Victim Support Scotland offers support services to “all people affected by crime” so anyone who feels impacted by crime can access the VSS service, there are no strict eligibility criteria or definition. Victims/witnesses usually contact VSS through the hotline, go personally to a local scheme, by e-mail, police referral (90% of victims are referred by police) and self-referral section on VSS website. VSS uses an external language service so that, with prior arrangements, can offer simultaneous translations into any required languages.

    Leaflet in English

    Members

  • Victimology Society of Serbia

    Associate

    Victimology Society of Serbia provides victim support services to victims and witnesses of crime, their families, friends, partners, husband/wives and colleagues. There are different types of support available, namely: practical, legal, emotional, information on victims’ rights and national criminal justice system. Victimology Society of Serbia also provides support to specific groups of victims such as elderly people, persons with disabilities, victims of hate crimes and mobbing.
    A victim or witness usually contacts the Organisation through letter, e-mail or going personally to a local scheme. Hence, services are provided through telephone, face-to-face, e-mail or letter.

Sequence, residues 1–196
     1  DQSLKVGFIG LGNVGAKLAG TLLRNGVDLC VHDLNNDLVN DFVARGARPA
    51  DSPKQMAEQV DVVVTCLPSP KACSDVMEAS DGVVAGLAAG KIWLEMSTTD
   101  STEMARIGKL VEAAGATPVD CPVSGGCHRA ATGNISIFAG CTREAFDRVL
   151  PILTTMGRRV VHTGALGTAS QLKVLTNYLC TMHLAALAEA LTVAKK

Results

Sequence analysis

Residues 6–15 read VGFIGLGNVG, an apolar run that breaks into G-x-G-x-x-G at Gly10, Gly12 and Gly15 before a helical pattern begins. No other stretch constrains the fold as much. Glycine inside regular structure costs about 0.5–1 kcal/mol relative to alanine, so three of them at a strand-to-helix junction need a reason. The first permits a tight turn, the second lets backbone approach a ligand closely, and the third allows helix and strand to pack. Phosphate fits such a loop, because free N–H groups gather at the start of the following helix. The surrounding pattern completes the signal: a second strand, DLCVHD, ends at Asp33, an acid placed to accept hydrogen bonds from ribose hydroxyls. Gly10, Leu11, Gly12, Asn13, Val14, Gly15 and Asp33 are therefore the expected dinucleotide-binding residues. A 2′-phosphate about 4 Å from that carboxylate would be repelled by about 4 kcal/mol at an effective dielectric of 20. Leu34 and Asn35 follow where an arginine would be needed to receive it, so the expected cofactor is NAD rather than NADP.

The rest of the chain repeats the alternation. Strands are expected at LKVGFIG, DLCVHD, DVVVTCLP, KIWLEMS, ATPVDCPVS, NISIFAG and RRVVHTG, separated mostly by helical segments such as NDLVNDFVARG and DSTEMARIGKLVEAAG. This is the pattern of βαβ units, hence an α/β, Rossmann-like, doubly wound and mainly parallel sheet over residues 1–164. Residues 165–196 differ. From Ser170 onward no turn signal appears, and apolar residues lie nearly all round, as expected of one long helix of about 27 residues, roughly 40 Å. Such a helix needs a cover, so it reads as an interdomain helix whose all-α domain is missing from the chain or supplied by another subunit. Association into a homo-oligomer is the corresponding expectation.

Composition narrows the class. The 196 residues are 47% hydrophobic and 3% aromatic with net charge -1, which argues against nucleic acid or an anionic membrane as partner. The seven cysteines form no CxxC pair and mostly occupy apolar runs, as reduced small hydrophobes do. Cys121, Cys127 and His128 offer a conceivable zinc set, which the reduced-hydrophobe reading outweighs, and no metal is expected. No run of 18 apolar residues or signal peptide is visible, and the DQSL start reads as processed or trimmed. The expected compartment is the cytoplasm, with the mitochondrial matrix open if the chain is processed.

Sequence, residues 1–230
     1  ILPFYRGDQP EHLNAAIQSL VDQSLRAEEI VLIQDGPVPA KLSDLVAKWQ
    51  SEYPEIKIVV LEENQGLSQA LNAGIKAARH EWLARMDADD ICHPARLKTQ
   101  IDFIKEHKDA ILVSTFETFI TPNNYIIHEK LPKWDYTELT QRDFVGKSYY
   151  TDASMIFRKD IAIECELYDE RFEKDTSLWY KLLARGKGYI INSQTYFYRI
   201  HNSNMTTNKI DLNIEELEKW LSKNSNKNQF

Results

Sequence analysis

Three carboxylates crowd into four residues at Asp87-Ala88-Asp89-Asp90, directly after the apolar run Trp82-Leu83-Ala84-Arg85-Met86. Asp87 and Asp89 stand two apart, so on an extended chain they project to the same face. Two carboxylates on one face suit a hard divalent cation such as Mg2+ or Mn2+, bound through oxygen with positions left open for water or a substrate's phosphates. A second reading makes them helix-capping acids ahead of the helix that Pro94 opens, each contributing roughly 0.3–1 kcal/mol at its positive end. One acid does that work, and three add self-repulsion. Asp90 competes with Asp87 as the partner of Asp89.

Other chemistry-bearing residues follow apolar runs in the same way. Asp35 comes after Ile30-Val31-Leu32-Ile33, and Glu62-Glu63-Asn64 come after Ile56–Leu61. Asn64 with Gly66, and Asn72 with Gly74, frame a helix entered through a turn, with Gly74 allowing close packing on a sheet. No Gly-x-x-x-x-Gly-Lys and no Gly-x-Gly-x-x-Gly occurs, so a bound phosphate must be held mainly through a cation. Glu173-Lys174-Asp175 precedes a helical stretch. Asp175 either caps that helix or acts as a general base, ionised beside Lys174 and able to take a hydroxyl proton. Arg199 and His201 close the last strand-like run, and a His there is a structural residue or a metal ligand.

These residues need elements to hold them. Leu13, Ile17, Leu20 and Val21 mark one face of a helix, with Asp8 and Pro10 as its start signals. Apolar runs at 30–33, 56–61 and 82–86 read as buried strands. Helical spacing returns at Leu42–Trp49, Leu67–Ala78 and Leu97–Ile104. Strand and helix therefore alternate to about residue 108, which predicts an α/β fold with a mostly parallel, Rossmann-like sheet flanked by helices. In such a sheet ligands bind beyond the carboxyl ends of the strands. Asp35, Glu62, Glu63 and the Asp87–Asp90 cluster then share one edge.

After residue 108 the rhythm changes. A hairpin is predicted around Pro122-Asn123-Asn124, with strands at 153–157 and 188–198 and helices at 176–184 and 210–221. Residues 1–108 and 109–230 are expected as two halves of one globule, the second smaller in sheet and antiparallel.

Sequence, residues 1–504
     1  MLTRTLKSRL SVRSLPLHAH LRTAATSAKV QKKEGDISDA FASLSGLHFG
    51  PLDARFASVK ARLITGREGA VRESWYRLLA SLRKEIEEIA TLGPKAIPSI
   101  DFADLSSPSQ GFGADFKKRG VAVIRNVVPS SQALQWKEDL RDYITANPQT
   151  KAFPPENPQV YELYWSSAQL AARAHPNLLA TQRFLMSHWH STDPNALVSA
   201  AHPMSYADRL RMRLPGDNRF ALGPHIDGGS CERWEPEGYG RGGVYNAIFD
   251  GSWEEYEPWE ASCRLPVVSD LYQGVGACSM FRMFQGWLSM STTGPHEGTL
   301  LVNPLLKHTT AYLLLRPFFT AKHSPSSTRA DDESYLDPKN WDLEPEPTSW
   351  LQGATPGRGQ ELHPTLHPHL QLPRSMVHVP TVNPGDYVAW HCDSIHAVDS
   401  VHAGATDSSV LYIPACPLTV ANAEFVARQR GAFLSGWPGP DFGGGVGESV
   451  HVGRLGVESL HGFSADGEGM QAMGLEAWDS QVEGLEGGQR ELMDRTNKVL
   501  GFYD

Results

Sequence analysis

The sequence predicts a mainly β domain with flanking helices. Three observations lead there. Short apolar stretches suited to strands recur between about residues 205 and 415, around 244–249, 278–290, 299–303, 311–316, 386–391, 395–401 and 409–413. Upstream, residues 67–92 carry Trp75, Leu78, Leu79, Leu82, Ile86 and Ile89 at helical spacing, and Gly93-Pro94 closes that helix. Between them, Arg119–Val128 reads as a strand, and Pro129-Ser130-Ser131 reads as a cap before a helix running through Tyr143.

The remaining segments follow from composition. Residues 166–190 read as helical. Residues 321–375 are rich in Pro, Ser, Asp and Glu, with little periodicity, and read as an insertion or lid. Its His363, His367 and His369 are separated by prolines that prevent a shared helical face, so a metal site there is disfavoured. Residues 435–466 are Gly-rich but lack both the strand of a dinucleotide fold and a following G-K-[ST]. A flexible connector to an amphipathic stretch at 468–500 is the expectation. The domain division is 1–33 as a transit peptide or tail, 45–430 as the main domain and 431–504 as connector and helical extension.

Leaflet in Serbian

    Members

  • Victims of Crime Office

    Associate
  • Victims’ Rights Alliance

    Associate

    The VRA is an Alliance of victim support and human rights organisations in Ireland namely, Advocates for Victims of Homicide [AdVIC],the CARI Foundation,the Dublin Rape Crisis Centre [DRCC],the Gay & Lesbian Equality Network [GLEN], the Immigrant Council of Ireland, Inclusion Ireland,the Irish Criminal Justice Disability Network [ICJDN] the Irish Council for Civil Liberties [ICCL], the Irish Road Victims’ Association [IRVA], the National Women’s Council of Ireland [NWCI] the Irish Tourist Assistance Service [ITAS], One in Four,the Rape Crisis Network Ireland [RCNI], Ruhama, Safe Ireland and Support after Homicide [SAH]. The Alliance was formed with one key goal: to ensure the Victims’ Rights Directive is implemented in Ireland within the proposed time frame, with all victims of crime in mind.

    The VRA was launched by the then Minister for Justice Alan Shatter on the 15th of November 2013. This date was chosen as it marked a two year countdown to the implementation of the Directive. Since that date many more organisations have joined the VRA and many more organisations have expressed an interest in becoming members.